Franz Makart’s life-size portrait of his close friend Maria, the Italian aristocrat Countess von Dönhoff (later von Bülow), is a bravura portrait by the artist of choice for European society in the 1870s. Court painter in Vienna, Makart was a brilliant colourist whose fluid brushwork bridged the gap between the polished style of Franz Xaver Winterhalter and the bold, painterly swagger of artists such as Giovanni Boldini and John Singer Sargent. Here, he fully captures the confidence of the early Belle Époque, depicting his subject seated at a piano, glancing knowingly at the viewer, her dress cascading down her side.
Born Principessa di Camporeale, Marchesa di Altavilla, Maria was married first to Count Karl von Dönhoff, whom she divorced in 1884, and with whom she had three children. She was the step-daughter of Marco Minghetti, Italian Prime Minister from 1873 to 1876, and daughter of Laura Minghetti (née Acton), a leading figure in Roman society. In 1886, she sealed her position at the very pinnacle of Europe’s aristocracy by marrying the German statesman, Bernhard von Bülow. The marriage helped further von Bülow’s stellar career, ensuring his appointment as Ambassador to Rome in 1893; he was then promoted to Minister for Foreign Affairs from 1897 to 1900, and subsequently headed his country’s government as Chancellor from 1900 to 1909. Her husband’s rise gave Maria access to the highest levels of both German and British royalty, and in 1905 she became Princess von Bülow, her husband’s rank having been elevated from that of Count by Emperor Wilhelm II.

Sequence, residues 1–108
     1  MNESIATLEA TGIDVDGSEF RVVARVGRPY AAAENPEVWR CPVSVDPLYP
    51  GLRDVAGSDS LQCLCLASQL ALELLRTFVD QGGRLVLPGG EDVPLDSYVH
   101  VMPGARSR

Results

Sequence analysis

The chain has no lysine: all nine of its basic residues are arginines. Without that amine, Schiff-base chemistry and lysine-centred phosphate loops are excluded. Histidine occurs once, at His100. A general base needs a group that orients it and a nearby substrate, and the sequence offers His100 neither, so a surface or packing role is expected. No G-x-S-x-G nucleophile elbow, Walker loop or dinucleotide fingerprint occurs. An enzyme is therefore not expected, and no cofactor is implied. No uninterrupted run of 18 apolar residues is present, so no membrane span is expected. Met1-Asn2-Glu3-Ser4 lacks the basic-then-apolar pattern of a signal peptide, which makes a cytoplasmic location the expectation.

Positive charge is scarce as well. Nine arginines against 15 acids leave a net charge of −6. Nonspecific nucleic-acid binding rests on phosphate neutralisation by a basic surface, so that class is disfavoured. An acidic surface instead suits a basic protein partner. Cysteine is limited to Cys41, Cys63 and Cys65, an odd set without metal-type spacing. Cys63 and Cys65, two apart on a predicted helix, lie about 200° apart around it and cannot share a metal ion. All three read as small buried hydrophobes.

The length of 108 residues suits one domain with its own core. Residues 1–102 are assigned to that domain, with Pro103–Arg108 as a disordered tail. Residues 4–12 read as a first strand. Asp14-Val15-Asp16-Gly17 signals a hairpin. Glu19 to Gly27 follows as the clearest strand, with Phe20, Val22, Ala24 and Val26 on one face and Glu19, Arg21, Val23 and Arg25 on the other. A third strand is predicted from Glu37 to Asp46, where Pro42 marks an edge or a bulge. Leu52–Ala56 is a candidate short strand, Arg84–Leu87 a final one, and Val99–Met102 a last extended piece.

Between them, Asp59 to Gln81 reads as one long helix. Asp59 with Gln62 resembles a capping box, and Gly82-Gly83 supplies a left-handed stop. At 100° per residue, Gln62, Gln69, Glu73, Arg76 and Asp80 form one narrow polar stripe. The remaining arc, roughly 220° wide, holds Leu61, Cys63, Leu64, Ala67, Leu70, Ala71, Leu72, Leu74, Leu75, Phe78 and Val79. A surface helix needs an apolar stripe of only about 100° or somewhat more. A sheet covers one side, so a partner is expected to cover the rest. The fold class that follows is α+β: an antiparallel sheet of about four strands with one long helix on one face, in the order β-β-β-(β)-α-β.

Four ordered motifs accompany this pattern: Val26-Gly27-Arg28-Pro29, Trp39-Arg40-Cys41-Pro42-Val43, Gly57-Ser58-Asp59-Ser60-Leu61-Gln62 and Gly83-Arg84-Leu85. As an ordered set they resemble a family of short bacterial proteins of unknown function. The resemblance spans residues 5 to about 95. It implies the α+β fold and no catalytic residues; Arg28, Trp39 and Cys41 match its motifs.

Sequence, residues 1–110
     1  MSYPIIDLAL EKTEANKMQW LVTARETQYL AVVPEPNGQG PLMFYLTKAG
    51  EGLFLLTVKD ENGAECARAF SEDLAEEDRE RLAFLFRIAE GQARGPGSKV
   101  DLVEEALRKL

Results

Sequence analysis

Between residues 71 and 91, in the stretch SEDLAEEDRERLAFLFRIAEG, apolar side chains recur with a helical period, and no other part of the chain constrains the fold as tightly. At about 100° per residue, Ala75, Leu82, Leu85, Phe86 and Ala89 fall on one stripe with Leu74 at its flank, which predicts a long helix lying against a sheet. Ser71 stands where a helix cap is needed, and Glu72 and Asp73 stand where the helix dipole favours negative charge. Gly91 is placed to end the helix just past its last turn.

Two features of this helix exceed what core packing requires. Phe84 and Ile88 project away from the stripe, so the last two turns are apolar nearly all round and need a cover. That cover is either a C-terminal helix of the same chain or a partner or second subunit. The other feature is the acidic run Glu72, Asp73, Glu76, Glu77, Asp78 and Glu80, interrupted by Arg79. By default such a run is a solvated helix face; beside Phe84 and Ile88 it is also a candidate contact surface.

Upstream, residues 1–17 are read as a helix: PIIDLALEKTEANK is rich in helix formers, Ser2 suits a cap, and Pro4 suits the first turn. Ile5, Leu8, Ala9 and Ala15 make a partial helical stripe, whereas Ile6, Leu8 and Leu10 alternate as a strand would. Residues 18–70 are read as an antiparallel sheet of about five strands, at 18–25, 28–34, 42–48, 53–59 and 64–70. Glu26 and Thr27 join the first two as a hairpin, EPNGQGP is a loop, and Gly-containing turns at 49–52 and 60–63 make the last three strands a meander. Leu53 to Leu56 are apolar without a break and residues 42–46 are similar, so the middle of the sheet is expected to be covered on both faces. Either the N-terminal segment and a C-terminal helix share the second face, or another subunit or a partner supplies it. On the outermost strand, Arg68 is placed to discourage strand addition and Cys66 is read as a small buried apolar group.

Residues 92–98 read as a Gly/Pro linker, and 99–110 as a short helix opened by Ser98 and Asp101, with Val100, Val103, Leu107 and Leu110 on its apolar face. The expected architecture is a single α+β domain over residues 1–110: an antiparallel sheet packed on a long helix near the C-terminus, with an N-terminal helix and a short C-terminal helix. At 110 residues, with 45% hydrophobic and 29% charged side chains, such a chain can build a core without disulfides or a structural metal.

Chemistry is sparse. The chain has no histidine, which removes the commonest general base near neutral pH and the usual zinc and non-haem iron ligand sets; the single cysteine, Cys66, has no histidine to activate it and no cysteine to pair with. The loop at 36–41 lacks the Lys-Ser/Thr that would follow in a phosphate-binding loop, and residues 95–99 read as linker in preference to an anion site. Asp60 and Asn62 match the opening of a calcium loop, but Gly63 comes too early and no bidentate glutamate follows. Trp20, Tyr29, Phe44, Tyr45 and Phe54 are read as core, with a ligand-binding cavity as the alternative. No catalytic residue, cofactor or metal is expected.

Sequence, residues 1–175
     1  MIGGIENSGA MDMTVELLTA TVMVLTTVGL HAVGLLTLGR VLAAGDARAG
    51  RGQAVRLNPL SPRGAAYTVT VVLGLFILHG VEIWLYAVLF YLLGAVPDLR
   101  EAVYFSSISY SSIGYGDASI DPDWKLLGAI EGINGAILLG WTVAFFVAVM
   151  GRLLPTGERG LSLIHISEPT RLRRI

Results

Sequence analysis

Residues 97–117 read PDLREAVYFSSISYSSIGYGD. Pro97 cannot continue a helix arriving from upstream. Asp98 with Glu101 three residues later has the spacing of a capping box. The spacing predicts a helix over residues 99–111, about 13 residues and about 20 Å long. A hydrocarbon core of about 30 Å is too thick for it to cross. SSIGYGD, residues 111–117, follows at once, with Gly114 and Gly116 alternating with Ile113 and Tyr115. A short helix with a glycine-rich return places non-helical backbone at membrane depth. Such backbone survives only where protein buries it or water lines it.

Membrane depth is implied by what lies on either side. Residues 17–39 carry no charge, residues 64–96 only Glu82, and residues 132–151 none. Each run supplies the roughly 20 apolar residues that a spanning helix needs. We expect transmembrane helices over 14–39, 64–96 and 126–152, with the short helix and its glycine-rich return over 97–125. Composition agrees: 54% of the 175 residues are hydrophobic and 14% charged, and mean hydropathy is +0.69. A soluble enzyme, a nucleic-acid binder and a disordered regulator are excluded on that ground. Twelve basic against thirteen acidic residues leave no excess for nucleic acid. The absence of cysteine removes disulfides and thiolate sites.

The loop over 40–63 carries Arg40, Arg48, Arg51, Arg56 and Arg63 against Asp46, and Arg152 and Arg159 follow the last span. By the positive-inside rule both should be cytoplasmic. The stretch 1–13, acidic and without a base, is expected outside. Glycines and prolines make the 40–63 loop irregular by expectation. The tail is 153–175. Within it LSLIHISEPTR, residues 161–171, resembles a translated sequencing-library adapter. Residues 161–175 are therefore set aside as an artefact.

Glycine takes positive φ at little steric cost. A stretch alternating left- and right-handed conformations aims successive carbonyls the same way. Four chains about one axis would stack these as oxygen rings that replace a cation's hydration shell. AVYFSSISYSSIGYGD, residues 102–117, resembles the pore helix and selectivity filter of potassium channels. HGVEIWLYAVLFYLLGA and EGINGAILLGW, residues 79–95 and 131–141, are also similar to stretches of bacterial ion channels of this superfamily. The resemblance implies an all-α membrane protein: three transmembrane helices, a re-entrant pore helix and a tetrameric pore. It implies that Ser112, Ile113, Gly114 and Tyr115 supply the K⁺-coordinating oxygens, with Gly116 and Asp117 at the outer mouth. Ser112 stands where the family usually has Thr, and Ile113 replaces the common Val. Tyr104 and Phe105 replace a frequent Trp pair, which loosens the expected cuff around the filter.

Maria was renowned as a gifted pianist and singer, having received instruction from Franz Liszt, a close friend who mentions her frequently in his letters. Praising the present picture, Liszt commented: “He [Makart] has painted a large portrait of Countess Dönhoff at the piano, or rather Bach’s Well-tempered Clavier, with garlands in profusion. She told me yesterday that it was a kind of present from Makart. It has been admired here at the Palazzo Vendramin, for I begged Mme D[önhoff] to have it unpacked, and you will see it in Rome, where the graceful live original will herself be next week.” (F. Liszt, The Letters of Franz Liszt to Olga von Meyendorff, 1871-1886, Washington DC, 1979, p. 443).
Maria was also noted for her beauty, and was a favourite model of Makart’s, who painted her in several other works, not just as the subject but as a model for larger narrative compositions. In an earlier letter, dated October 1872, Liszt writes: “Makart is finishing an immense and very sensational picture: The Homage of the Senate of Venice to Catharine Cornaro [today in the Belvedere, Vienna]. In it, Mme D’s hair is a burnished blond, à la Titian”. (op. cit., p. 57).
Makart was best known for his large-scale canvases, and a theatrical sense of the decorative, which he rendered with his bold use of colour, strong chiaroscuro and virtuoso draftsmanship. He considered himself as a history painter in the tradition or Rubens, but adapted his style to portraiture, bowing to the inevitable demands of the many visitors to his studio, a key focal point for Viennese society.